Traditional Beds

Traditional beds have an average profile of 24 inches, which comes close to the average person’s knee height. It might be just above or below yours. Traditional beds are more what you would think of as an everyday bed frame. They’re normally affordable, and they’re more stylistically versatile. Just about every conceivable design can be found at traditional bed height.

Adjustable Beds

Adjustable beds usually have a similar height to a platform bed, ranging from 12 to 18 inches. It’s not uncommon for an adjustable bed to come with height-adjustable legs, so you may be able to change the bed’s height to suit your preferences. Some adjustable bases also have a zero-clearance design that lets you slip the base inside a pre-existing frame in place of a traditional mattress foundation.

Low-Profile Beds

Those who want a sleeker, more modern look often consider low-profile beds. Platform beds are the most common low-profile frames because they have slats and thus don’t require a set of box springs or a mattress foundation. Platform beds come in a wide variety of materials, from wood to cast iron and steel. You can also get storage platform beds.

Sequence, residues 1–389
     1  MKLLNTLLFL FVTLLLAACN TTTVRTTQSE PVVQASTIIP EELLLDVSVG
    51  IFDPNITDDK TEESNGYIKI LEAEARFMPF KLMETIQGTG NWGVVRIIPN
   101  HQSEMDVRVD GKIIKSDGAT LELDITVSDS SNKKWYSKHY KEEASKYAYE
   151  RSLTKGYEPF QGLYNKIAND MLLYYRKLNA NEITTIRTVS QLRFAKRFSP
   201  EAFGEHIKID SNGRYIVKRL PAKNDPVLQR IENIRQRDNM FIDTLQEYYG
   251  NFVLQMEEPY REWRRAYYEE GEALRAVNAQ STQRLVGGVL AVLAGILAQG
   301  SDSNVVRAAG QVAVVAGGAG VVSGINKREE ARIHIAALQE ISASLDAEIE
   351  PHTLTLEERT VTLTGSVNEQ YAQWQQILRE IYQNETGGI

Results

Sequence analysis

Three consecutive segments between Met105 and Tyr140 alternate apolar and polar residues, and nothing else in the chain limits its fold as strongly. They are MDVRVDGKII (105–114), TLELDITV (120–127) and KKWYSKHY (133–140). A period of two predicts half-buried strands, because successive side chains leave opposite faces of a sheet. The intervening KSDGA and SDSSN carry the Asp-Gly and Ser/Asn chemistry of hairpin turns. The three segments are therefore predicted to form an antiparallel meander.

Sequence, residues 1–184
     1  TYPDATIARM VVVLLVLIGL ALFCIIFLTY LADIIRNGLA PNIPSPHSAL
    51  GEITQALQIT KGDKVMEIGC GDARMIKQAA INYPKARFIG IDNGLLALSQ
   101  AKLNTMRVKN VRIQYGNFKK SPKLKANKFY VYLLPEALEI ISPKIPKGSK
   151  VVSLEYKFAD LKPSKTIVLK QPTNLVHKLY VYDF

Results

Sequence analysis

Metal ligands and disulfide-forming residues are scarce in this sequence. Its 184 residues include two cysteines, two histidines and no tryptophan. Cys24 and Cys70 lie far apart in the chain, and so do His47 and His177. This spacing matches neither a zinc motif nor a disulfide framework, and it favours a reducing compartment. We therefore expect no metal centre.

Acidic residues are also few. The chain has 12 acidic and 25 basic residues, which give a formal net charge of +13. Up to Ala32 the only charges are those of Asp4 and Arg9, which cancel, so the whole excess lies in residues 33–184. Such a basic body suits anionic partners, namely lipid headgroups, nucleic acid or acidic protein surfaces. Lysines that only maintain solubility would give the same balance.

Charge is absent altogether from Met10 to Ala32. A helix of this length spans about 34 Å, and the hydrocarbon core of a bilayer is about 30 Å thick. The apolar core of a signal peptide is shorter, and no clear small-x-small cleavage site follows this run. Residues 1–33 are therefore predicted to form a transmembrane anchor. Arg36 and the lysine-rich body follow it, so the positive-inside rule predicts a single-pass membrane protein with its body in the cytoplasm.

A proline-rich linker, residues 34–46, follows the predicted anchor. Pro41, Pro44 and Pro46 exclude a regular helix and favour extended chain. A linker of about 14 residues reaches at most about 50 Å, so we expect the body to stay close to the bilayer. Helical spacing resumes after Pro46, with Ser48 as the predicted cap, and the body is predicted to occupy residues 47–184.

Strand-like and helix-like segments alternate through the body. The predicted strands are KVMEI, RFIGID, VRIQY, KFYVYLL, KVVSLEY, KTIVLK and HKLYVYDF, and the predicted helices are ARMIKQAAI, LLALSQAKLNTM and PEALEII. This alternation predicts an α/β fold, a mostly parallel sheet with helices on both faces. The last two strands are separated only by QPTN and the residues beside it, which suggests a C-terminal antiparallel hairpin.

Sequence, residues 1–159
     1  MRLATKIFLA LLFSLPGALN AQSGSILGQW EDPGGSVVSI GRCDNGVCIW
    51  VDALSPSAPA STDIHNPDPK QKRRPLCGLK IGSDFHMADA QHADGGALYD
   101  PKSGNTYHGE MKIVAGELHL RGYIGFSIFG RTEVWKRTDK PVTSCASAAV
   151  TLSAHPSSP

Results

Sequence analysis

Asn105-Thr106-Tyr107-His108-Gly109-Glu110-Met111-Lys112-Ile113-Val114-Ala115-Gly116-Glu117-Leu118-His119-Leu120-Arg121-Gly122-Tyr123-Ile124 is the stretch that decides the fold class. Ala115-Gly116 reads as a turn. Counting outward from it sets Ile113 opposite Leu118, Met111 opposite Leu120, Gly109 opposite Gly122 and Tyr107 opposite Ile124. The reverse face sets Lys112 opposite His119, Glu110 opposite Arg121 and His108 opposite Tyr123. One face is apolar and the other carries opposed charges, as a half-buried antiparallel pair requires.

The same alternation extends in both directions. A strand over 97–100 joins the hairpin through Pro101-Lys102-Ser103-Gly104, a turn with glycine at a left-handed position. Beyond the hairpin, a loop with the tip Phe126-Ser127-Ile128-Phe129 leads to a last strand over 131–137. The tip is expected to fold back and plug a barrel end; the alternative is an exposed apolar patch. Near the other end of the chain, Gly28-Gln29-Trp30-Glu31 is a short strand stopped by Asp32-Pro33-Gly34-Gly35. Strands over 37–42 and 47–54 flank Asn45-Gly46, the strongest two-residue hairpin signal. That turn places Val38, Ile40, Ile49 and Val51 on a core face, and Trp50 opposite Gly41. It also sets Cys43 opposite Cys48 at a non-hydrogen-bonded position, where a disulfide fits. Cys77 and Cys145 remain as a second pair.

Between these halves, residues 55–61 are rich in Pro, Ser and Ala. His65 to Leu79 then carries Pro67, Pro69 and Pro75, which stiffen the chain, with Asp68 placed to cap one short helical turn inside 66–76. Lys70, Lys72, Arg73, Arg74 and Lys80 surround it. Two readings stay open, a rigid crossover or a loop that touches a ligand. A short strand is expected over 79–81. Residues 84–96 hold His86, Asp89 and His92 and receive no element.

If you already have a bed frame you like, you can also lower your bed’s profile with low-profile box springs or a low-profile mattress foundation. These bed bases have a height of two to six inches instead of the standard nine inches. Combining this with a thinner mattress (around nine inches) can cut up to 10 inches off the profile of your bed.

Raising the Bed’s Height

Just as you can establish a lower-profile bed, you can also take steps to raise a bed that’s too low for your liking. One inexpensive method is to use a set of bed risers, which usually raise the bed by an inch or two but can raise a frame by as much as 12 inches. This method also increases the amount of under-bed storage space you have.

You can also consider mattress thickness and ask yourself if your bed is tall enough. As a reminder, we always recommend mattresses that are at least 10 inches thick for adults. Thinner mattresses may give out sooner, due to the decreased amount of materials.

If your mattress is uncomfortable after years of use, you can revive its feel with a mattress topper. A mattress topper typically adds 1 to 2 inches of height and brands usually offer an array of mattress topper sizes suitable for most mattresses.


When deciding on the best bed profile for you or your kids, there are a few considerations to keep in mind.


Taller people need taller beds, and shorter people need lower beds. When searching for a new mattress or bed frame, measure your leg from the floor to your knee. Keep your number in mind while shopping.